The one sentence summary

Stop waiting around – lead with clarity, flexibility and purpose.


  • Pace can drive performance. Leaders need to move at speed.
  • Today’s business environment is changing fast, so leaders need to better balance agility with resilience. Purpose and pace are required.
  • Leaders need to use time as smartly to achieve the most impact as efficiently as possible.
  • But it’s important to be responsible as well as responsive. Sometimes you need to slow down to get things right.
  • The pace race: repeated pace setting is an essential leadership practice.
  • Time is finite but energy isn’t, so manage your energy, not just your time.
  • Purpose drives pace: a true mission creates accelerating power and a great filter for ideas. Define it. Love it. Live it.
  • Structure for speed: create fast frameworks. Delete levels and empower frontline staff.
  • Editing is expediting: superfast means less. Aim for minimalism, reduce decisions for others, make it easy and create constraints.
  • Human understanding: know your audience, your team, and yourself.
  • Truth matters: candour and honesty help resolve conflict.
  • Hire smart, fire fast: take the time to find the right people and then get them in fast. Hire people who can decide, then delegate. Say hello to the best and goodbye to the worst. When you know, let them go.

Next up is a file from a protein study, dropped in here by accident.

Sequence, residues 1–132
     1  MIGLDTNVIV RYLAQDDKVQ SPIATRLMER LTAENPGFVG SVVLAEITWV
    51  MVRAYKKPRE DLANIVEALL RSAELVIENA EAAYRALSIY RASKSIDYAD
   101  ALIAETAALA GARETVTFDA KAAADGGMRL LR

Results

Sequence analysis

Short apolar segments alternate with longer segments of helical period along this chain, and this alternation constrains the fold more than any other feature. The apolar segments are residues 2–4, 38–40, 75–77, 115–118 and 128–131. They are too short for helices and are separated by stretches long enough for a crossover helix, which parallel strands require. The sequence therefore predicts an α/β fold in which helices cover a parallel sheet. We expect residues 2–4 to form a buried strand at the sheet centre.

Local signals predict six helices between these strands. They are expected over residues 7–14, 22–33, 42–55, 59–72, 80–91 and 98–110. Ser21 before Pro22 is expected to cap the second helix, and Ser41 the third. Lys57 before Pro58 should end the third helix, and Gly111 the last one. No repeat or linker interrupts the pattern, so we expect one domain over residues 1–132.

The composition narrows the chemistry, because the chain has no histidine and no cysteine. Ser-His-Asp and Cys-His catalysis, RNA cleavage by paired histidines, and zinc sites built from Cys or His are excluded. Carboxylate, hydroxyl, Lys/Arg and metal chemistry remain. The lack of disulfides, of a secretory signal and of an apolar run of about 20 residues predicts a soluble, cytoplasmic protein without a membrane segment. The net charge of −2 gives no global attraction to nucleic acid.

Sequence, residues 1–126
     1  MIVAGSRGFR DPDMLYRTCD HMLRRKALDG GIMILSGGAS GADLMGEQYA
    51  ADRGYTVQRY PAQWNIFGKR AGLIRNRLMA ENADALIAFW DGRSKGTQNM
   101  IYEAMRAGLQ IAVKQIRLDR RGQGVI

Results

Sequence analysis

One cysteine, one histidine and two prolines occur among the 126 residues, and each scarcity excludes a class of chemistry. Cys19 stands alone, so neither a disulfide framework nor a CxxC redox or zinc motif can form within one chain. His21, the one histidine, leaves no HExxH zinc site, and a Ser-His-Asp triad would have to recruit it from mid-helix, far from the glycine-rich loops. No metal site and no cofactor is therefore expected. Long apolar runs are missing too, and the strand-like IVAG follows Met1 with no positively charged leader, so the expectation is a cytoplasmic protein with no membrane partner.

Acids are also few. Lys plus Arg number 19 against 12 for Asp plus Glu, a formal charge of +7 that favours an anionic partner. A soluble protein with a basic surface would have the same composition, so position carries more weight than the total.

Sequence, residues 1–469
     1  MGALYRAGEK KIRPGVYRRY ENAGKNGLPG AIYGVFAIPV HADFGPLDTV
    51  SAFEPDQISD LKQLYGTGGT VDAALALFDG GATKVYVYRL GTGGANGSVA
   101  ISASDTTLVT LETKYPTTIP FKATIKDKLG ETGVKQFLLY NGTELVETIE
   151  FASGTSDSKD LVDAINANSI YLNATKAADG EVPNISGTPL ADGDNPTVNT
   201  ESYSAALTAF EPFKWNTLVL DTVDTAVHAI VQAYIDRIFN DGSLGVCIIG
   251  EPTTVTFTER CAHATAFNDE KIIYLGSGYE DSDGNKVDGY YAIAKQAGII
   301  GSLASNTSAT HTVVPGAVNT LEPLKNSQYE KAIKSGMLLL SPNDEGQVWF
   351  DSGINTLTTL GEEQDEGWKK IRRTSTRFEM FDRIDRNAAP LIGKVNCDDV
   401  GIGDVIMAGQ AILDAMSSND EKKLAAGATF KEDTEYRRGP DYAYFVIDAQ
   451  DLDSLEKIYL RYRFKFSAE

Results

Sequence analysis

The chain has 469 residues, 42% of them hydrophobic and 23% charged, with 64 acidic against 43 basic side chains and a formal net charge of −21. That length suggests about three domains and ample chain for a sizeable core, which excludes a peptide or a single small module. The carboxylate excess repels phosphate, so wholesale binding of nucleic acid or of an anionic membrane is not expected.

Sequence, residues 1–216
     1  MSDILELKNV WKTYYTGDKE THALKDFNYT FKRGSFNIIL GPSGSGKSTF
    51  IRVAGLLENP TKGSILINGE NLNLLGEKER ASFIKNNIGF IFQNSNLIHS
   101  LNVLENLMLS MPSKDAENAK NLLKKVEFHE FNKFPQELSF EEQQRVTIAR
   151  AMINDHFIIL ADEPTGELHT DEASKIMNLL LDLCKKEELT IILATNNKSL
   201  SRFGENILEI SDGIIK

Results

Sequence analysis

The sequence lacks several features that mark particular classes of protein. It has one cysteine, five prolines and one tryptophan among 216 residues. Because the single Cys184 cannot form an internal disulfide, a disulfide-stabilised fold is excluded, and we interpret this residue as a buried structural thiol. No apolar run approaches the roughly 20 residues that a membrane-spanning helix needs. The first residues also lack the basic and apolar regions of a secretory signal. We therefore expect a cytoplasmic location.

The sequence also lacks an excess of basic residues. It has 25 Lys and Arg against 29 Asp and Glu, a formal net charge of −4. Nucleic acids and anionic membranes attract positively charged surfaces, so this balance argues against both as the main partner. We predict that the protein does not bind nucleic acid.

• Decide, delegate, deliver: think slowly, act fast.


  • The German Chief of the High Command in 1934 classified his officers into 4 groups:

1. Clever and lazy. Make them a commander.

2. Clever and hard working. Make them staff officer.

3. Stupid and lazy: You can always find something for them to do.

4. Stupid and hard working. Fire them.

  • The clever and lazy group are natural delegators and they always look for simpler, easier ways to get things done. Counterintuitive, but true.
  • When making decisions, label them, minute them, and shout about them.
  • Focus the debate: what decision needs to be made here? Label the decision clearly. Record and circulate it. Move from debate to action without too much delay.


  • A lot of the advice has been offered before, and not everyone will endorse the idea that speed is always a good idea.